Withholding Tax on Dividend Equivalent Payments: IRS and Treasury Issue Final and Proposed Regulations on Withholding Tax on “Dividend Equivalent Payments”

Sullivan & Cromwell LLP - December 5, 2013
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On December 5, 2013, the Treasury Department and the IRS issued final and proposed regulations (the “Final Regulations” and “New Proposed Regulations”, respectively) relating to “dividend equivalent” payments on certain U.S. equity swaps and other U.S. equity-linked instruments. Section 871(m) of the Internal Revenue Code and previously issued temporary regulations (the “Temporary Regulations”) generally provide that withholding applies to such dividend equivalent payments if (i) in connection with entering into the relevant contract, any long party to the contract transfers the underlying security to any short party to the contract (i.e., so-called “crossing in”), (ii) in connection with the termination of such contract, any short party to the contract transfers the underlying security to any long party to the contract (i.e., so-called “crossing out” ), (iii) the underlying security is not readily tradable on an established securities market, or (iv) in connection with entering into such contract, the underlying security was posted as collateral by any short party to the contract with any long party to the contract. Previously issued proposed regulations (the “Old Proposed Regulations”) further provided that with respect to payments made on or after January 1, 2014, withholding would apply based on the application of a seven-factor test to the relevant equity derivative transaction.

The Final Regulations adopt the Temporary Regulations with minimal changes and extend their effective date by two years. Current law will therefore continue to apply to dividend equivalent payments made before January 1, 2016.

The Old Proposed Regulations have been withdrawn in favor of New Proposed Regulations that would implement a greatly expanded approach to U.S. withholding on U.S. equity derivative transactions and would basically impose withholding in any case where the underlying U.S. equity paid dividends on a current basis. Exceptions would apply for options and other equity derivatives with a “delta” of less than 0.7 and for derivatives on certain recognized equity indexes. The New Proposed Regulations would apply to dividend equivalent payments made after 2015 on all U.S. equity swaps (including swaps in existence today) and on all other U.S. equity derivative transactions (including structured notes, exchange-traded notes, contingent debt instruments, convertible debt instruments, forwards, futures and options referencing U.S. equities) that are acquired after March 5, 2014. Significant aspects of the New Proposed Regulations include the following:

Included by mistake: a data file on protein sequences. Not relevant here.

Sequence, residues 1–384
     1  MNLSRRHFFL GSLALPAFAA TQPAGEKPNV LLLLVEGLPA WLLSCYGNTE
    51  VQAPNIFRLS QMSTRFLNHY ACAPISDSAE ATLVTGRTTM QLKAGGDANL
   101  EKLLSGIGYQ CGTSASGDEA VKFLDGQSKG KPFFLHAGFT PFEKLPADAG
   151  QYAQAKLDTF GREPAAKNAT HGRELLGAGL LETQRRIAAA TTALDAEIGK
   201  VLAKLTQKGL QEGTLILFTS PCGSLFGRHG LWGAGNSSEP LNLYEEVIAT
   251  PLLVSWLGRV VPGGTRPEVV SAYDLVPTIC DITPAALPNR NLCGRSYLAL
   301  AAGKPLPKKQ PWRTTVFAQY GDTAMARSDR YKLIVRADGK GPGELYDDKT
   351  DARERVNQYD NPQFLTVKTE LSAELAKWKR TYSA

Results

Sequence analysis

1. The New Proposed Regulations would withhold in respect of long positions in U.S. equity swaps and other U.S. equity derivatives in the absence of any “crossing in”, “crossing out” or other factors suggesting that the long position was a continuation or substitute for actual ownership of the underlying U.S. equities. In this regard, the New Proposed Regulations look beyond the four factors set out in the statute (and in the Temporary Regulations), which focus on agency-related issues. The proposed expanded application of withholding on equity swaps is based on a grant of authority to impose withholding “with respect to any notional principal contract unless the Secretary determines that such contract is of a type which does not have the potential for tax avoidance”. The proposed expanded application of withholding on forwards, futures, indexed notes and other equity derivatives appears to be based partly on analogy to the current law treatment of inbound stock loans and repos, although such stock loans and repos do involve long physical ownership (and crossing in and out) that precedes and follows the derivative position. The Treasury Department and the IRS have in any case concluded that other equity derivatives have the same potential for tax avoidance as stock loans, repos and equity swaps.